STOKE-ON-TRENT.- Last night, Thursday 13 October 2011, Phoebe Cummings was presented with the £10,000 Spode Award at a ceremony to celebrate the British Ceramics Biennial at The Potters Club, Stoke-on-Trent. The AWARD promotes and celebrates the energy and innovation of contemporary British ceramics, in the context of its long history in Stoke-on-Trent.
Phoebe Cummings, a graduate from the Royal College of Art, is a ceramic installation artist who works to construct elaborate organic forms directly on site with raw clay. Her work for BCB AWARD, Fragment, is taken from A Place Half Remembered, a temporary work made from locally-sourced clay, suggestive of the swamps that once covered Staffordshire and how this prehistoric landscape formed the raw materials that later enabled the industrial revolution of Stoke-On-Trent.
Cummings, 30 was selected from a shortlist of 24 artists representing the very best in contemporary creative ceramics design, practice and manufacture. All shortlisted artists are exhibited in the AWARD exhibition at The Potteries Museum & Art Gallery. The AWARD exhibition focuses on creativity, innovation and achievement across the breadth of ceramic practice and design. The shortlist was selected from a national open submission of over 160 applications, across three categories of craft, art and design.
The Spode Award is sponsored by the Portmeirion Group, who acquired the Spode brand, which has over 240 years of history in Stoke-on-Trent, in 2009. The original Spode factory has been transformed into the creative hub of this years British Ceramics Biennial.
Barney Hare Duke, BCB Co-Director and member of Spode Award judging panel comments: The consistent quality demonstrates the accomplishment and vitality of contemporary ceramic practice in the UK. Fragment (A Place Half Remembered) stood out as an extraordinary piece, moving the viewer apprehensively from the past through to an imagined future.
Michael Haynes, Managing Director of Portmeirion Group UK comments: We are delighted that our sponsorship of the BCB AWARD helps to celebrate the innovation, skill and artistic excellence of the contemporary ceramics industry in Britain. We want to continue the ceramic industry's journey into a new era of revival and vitality and the work of these artists is paramount to that success. Each artist has strived for new levels of excellence and is therefore an example to us all.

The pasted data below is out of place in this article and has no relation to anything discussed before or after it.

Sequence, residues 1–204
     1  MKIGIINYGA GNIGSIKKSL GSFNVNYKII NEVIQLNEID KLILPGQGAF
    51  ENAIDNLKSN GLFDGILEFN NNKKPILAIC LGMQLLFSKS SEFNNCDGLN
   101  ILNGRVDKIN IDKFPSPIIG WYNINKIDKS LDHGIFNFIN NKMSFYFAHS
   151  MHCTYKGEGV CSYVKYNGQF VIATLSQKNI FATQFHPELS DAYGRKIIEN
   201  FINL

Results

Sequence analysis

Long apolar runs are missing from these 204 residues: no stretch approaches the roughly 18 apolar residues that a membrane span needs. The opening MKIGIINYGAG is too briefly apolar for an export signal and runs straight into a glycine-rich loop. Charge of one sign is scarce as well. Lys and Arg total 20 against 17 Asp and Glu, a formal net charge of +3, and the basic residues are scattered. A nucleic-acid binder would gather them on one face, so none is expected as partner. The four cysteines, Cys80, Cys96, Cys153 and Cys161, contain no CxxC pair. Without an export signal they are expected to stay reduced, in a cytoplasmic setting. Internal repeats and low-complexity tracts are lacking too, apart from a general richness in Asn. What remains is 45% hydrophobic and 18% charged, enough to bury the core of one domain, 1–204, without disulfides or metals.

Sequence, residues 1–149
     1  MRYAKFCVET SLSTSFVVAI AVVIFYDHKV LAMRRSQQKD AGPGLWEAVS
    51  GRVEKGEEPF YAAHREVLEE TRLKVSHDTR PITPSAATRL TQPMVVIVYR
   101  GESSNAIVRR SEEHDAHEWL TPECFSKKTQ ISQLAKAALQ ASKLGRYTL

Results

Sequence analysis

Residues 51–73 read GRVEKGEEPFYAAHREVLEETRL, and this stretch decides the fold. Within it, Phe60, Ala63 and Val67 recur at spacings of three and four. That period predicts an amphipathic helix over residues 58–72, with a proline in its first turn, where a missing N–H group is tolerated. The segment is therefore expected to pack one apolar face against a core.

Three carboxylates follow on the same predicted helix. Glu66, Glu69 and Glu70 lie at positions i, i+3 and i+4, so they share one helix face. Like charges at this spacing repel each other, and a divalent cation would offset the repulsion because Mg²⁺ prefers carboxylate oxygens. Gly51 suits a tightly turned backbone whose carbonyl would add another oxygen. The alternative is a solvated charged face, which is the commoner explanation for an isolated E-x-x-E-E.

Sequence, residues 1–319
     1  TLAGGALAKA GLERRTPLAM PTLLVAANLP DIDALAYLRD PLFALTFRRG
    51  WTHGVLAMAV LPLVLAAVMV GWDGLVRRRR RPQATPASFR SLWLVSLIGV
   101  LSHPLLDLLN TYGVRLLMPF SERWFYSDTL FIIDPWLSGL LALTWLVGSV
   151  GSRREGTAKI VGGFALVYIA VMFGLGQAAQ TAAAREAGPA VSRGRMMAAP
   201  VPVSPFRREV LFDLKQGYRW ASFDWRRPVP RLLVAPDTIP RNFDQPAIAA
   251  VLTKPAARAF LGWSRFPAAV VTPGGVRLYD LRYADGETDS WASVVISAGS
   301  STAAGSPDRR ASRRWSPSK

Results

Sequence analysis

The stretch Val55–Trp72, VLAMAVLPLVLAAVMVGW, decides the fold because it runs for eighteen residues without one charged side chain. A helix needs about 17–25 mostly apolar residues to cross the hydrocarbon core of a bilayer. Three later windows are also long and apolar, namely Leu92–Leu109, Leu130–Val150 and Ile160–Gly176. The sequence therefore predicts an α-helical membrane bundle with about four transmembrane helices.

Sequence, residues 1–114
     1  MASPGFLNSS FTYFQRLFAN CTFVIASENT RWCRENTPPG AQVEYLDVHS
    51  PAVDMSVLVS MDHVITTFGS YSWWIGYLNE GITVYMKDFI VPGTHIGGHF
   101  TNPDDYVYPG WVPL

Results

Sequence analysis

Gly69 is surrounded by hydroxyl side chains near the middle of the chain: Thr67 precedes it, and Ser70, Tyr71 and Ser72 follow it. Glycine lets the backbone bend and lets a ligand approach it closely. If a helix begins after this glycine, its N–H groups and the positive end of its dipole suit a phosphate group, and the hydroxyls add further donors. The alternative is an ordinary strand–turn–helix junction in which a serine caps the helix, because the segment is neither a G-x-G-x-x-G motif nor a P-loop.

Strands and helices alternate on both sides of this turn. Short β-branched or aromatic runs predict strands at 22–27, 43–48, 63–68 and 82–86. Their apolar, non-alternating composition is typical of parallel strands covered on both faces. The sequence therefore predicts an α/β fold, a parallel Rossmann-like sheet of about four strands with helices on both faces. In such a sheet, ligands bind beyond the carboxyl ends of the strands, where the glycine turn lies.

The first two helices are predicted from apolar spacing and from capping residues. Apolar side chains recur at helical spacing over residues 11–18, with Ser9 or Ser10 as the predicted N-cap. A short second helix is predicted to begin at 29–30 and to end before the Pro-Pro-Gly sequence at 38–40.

Councillor Mark Meredith, Stoke-on-Trent City Council cabinet member for economic development, said: AWARD received applications from across the UK so competition was tight. With the extent of talent here in the Potteries, highlighted by the number of local artists short-listed, it is fitting that this award is being made here in Stoke-on-Trent the World Capital of Ceramics. The British Ceramics Biennial is showcasing contemporary ceramics at the highest level and entries to this years Award highlight that the industry is constantly growing and developing.
The AWARD finalists were: Carina Ciscato, Robert Cooper, Phoebe Cummings, Lowri Davies, Robert Dawson, Stephen Dixon, Ken Eastman, Philip Eglin, James Evans, Chris Keenan, Rob Kesseler, IKIK Ceramics, Sun Kim, Peter Lewis, Nao Matsunaga, Craig Mitchell, Katharine Morling, Rosa Nguyen, Merete Rasmussen, Julian Stair, Caroline Tattersall, Andrea Walsh and Dawn Youll. Caroline Tattersall and Rosa Nguyens work for AWARD is on show at The Potteries Museum & Art Gallery and at the original Spode factory site.
The AWARD artists were selected by the Biennial Associates: Alun Graves, Curator of Ceramics & Glass at the V&A, Kevin Oakes, Chief Executive of Steelite International Ltd, Ranti Tjan, Director of the European Ceramic Work Centre in The Netherlands, Ian Vines, Exhibitions Manager at The Potteries Museum & Art Gallery, and the BCB Co-Directors Barney Hare Duke and Jeremy Theophilus.
The AWARD exhibition is at The Potteries Museum & Art Gallery until 11 December 2011 and is one of the flagship exhibitions in the British Ceramics Biennial.